Stetzer and Dodson’s examined over 300 turnaround churches and systematically described the elements, determined as essential, to the comeback occurring.  Their documentation provided issues found in declining or plateaued churches.  The authors stated, “…we recognized we can learn from either our own experiences or from the experiences of others.  This book will help you…so that you do not have to pay the same price and endure the same hard lessons…”[10]  Leaders should exercise caution in copying the steps other churches have taken for revitalization.  The book should not become a step by step manual, but a way to understand some of the best practices used in churches that turned the direction around.  Practitioners could use this book as a guide to formulate a foundational plan for revitalization.

The authors’ writing could springboard into a deeper study about indicators of plateau or decline before it occurred.  Preventative measures remain critical components for churches to avoid the painstaking process of revitalization.  However, the writers stated, “From its inception, the church has followed this very pattern throughout its history – growing, decaying, and being restored.”[11]  A question to ask, must a church or denomination decay and die as a part of its life cycle?[12]  Further research about what lead into plateau and decline may introduce some prevention.

Stetzer and Dodson provide an opportunity to study the recent history of church revitalization in America and have outlined practices that could revitalize a church.  Practitioners in plateaued or declining churches may benefit from this book’s insight into ideas and groundwork that can reverse trends.  Data and criteria from the turnaround churches may provide a “hands-on” guide for a church to return to health.  Healthy and growing churches could use this book as a guide for warning signs of decline.  An essential issue stated by the authors, one person cannot revitalize or prevent decay by themselves.  Revitalization requires a team willing to take the necessary steps to move into healthy patterns following the work and guidance of the Holy Spirit.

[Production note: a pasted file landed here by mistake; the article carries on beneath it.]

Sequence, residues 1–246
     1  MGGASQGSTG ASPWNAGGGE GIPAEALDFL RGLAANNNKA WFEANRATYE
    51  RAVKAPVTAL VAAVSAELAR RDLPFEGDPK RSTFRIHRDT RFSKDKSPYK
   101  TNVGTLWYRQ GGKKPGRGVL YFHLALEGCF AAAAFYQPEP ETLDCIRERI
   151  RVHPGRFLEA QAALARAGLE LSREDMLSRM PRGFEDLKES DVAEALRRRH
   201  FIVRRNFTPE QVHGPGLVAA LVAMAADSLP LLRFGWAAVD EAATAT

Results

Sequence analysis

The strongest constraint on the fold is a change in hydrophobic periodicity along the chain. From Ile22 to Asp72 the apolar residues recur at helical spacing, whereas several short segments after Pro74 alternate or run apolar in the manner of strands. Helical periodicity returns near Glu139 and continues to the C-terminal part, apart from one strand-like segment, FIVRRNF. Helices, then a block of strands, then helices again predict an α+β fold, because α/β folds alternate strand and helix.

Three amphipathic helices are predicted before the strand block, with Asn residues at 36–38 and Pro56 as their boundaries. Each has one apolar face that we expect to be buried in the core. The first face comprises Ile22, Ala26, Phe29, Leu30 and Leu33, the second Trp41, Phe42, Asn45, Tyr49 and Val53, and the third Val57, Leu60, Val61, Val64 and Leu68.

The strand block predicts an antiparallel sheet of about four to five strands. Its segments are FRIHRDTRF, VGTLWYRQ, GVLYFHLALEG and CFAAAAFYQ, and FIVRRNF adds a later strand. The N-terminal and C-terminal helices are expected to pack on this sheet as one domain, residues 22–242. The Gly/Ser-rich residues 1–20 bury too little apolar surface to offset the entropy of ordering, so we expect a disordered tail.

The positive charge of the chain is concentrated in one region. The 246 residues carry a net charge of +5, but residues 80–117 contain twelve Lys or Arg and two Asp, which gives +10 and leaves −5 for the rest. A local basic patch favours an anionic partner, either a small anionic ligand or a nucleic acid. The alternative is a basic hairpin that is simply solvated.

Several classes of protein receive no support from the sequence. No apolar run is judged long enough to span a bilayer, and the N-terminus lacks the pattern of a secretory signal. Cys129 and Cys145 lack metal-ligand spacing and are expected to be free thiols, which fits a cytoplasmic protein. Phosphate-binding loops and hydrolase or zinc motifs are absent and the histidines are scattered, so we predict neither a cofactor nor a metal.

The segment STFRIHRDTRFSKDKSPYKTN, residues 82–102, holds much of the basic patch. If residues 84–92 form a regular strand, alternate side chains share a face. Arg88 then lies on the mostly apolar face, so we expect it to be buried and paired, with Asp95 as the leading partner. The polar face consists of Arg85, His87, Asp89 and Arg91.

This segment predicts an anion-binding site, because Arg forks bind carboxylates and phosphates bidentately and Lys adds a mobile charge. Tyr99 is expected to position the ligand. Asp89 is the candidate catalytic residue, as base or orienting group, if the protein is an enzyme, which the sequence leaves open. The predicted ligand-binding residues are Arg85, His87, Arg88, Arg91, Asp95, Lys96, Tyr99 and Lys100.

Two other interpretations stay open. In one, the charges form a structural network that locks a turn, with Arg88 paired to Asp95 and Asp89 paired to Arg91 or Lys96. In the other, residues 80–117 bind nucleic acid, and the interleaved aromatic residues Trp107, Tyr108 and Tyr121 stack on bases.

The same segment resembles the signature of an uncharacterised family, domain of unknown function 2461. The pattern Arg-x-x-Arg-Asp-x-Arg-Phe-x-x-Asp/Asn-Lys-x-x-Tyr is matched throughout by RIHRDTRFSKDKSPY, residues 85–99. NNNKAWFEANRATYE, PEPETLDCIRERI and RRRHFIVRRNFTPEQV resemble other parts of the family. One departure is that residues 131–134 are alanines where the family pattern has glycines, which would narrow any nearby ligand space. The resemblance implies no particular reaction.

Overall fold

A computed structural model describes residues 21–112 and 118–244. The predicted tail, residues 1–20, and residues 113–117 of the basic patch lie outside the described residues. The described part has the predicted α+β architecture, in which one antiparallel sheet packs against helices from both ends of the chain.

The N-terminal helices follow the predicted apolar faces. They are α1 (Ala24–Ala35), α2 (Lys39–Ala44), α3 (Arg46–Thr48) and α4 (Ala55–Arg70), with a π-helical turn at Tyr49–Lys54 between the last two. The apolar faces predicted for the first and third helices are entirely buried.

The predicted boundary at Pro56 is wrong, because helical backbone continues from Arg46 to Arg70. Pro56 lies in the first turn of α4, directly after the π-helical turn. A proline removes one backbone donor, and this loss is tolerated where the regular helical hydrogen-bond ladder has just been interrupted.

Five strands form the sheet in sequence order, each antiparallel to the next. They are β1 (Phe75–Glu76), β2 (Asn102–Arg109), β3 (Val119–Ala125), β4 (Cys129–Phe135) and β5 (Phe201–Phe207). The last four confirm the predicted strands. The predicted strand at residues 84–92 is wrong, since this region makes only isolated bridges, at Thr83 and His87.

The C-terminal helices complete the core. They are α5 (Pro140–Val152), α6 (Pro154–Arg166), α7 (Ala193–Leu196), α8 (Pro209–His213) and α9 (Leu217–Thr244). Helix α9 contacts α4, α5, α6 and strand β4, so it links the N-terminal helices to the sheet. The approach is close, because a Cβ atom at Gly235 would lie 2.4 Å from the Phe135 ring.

[1] Ed Stetzer & Mike Dodson, Comeback Churches: How 300 Churches Turned Around and Yours Can Too. (Nashville, TN: B & H Publishing Group, 2007), 19.

[2] Stetzer & Dodson, Comeback Churches, x.

[3] Stetzer & Dodson, Comeback Churches, xi

[4] Stetzer & Dodson, Comeback Churches, xi.

[5] John Davidson, “Rural Church Planting/Multiplication and Revitalization” (presentation, Trinity Graduate School Immersion, Foley, MN, October 2018).

[6] Stetzer & Dodson, Comeback Churches, xii.

[7] Stetzer & Dodson, Comeback Churches, 55.

[8] Stetzer & Dodson, Comeback Churches, (bold original), 55.

[9] Churches and leaders, who believe the church brings hope to this world, recognize the multiple mandates given by Jesus: His mission to build the church(Matt. 16:18-19, NIV), His example to serve the world (Matt. 20:28, NIV) and Jesus encouragement for the church to pray(Matt. 21:13, NIV).  Stetzer and Dodson’s findings remind the church of instructions given to experience life within its walls.

[10] Stetzer & Dodson, Comeback Churches, xi.

[11] Stetzer & Dodson, Comeback Churches, 209.

[12] Ted Duboise, It’s Easier To Give Birth Than Resurrect The Dead: A Proactive Approach to Managing Employees. (Columbus, GA: On Point! Publishers, 2013), chapter 5. Leaders could tailor principles Ted Dubois gave to prevent a deadbeat from developing in the first place.

 

Bibliography 

Davidson, John. “Rural Church Planting/Multiplication and Revitalization.”  Presentation at Trinity Graduate School Immersion Experience, Foley, MN, October 23, 2018.

Duboise, Ted.  It’s Easier to Give Birth Than Resurrect The Dead: A Proactive Approach to Managing Employees. Columbus, GA: On Point! Publishers, 2013.

Stetzer, Ed & Mike Dodson, Comeback Churches: How 300 Churches Turned Around and Yours Can Too. Nashville, TN: B & H Publishing Group, 2007.